Much attention has been paid to how much new electric-arc furnace (EAF) flat-rolled steel capacity is being added to the North American market. Less has been written about how many tons of integrated steelmaking capacity have been taken out.
An analysis by Steel Market Update indicates that the latter figure is perhaps equally significant. It also provides necessary context when considering the potential impact of new capacity on the domestic flat-rolled steel market.
The figures referenced in this article come from SMU’s blast furnace status table, which you can access by clicking here.
There are 20 blast furnaces operating or undergoing maintenance in North America. That number shrinks to 15 when one looks only at the U.S. – where eight are run by Cleveland-Cliffs and seven by U.S. Steel.
Cliffs’ eight furnaces, all of which are operating now, have a combined capacity of 52,200 tons of iron per day – or 19.05 million tons per year, per SMU calculations.
U.S. Steel’s seven operating furnaces, one of which is down for maintenance (Mon Valley Works No. 1, which began a 25-day outage on April 30), have a combined capacity of 27,400 tons of iron per day – or 10 million tons per year, per SMU figures.
Large swathes of capacity were idled in the second quarter of 2020 following the outbreak of the COVID-19 pandemic. That makes year-over-year comparisons less meaningful than they would be ordinarily. But the first quarter of 2020, initially a good quarter for steel, provides a reasonable comparison.
Cliffs is now operating at approximately the same blast furnace footprint that it had in the first quarter of last year. U.S. Steel is not.
The “A” blast furnace at U.S. Steel’s Granite City Works near St. Louis was temporarily idled at the end of the first quarter of last year and has not been restarted since. The “A” furnace has daily iron making capacity of 3,600 tons – or 1.31 million tons per year. And U.S. Steel said it would begin idling iron and steelmaking facilities at its Great Lakes Works near Detroit around April 2020. Great Lakes Works had previously operated three blast furnaces with combined annual capacity of 11,450 tons of iron per day – or 4.18 million tons per year.
In other words, U.S. Steel is contributing significantly less hot metal to the market now — to the tune of 5.49 million tons per year.
To put that in context, Big River Steel added 1.65 million tons per year of new capacity to the U.S. market when it doubled output at its flat-rolled steel mill in Osceola, Ark., late last year and early this year. Steel Dynamics Inc.‘s new flat-rolled mill in Sinton, Texas, is expected to come online in late summer with a capacity of 3 million tons per year. And Nucor’s expansion of its steel mill in Ghent, Ky., (Gallatin) is expected to add 1 million tons of new capacity to the market in 2022. In short, three major EAF expansions are necessary to offset capacity that U.S Steel alone has idled in recent years.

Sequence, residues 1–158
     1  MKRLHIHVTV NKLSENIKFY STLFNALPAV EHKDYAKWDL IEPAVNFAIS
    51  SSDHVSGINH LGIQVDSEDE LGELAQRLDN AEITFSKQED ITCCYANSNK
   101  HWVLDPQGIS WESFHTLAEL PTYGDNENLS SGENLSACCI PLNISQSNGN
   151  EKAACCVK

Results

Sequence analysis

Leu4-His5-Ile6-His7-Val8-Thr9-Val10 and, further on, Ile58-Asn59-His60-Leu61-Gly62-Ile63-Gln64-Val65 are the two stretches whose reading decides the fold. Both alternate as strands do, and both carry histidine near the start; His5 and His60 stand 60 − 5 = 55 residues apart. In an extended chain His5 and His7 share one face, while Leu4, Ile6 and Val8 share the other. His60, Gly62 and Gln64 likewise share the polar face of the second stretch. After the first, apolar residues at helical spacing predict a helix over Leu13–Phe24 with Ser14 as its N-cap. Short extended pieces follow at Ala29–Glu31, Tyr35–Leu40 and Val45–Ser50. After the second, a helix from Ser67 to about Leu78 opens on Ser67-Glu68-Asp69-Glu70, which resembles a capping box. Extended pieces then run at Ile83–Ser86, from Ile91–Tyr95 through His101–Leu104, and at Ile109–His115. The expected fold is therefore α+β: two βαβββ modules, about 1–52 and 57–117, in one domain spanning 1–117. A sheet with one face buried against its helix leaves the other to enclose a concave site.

And that shortage is more pronounced if one looks further back in time to include the significant blast furnace capacity idled by Cliffs and the steelmakers it has acquired over approximately the last year. (Namely, ArcelorMittal USA and AK Steel.)
ARTICLE CONTINUES BELOW
The Amanda furnace at Cliffs’ Ashland Works in Kentucky and the No. 3 furnace at its Indiana Harbor steelmaking complex in northwest Indiana have been permanently idled. They have combined capacity of 8,500 tons of iron per day, or 3.10 million tons per year.
ArcelorMittal USA, the former owner of Indiana Harbor, announced in November 2019 that it would idle the No. 3 furnace, according to Inside Indiana Business. It has since been permanently idled.
And AK Steel, the former owner of Ashland Works, announced in October 2015 that it would temporarily idle the Amanda blast furnace. The company cited “challenging market conditions” at the time. That idling has since become permanent.
Steel prices in the meantime have continued to rise on strong demand, long lead times and limited domestic supplies. Buyer sources report that they’ve become resigned to higher prices and have instead shifted their focus to procuring enough steel to run their businesses amid continued strong demand.
SMU’s benchmark hot-rolled coil price stood at $1,570 per ton ($78.50 per cwt) when this article was filed, up 59.3% from $985 per ton at the beginning of the year and more than quadruple $390 per ton in late October 2015 – after the idling of Ashland Work’s blast furnace was announced. Lead times were at 10.81 weeks, up 37.3% from 7.87 weeks at the beginning of the year and up nearly fourfold from 2.82 weeks in late October 2015.
By Michael Cowden, Michael@SteelMarketUpdate.com
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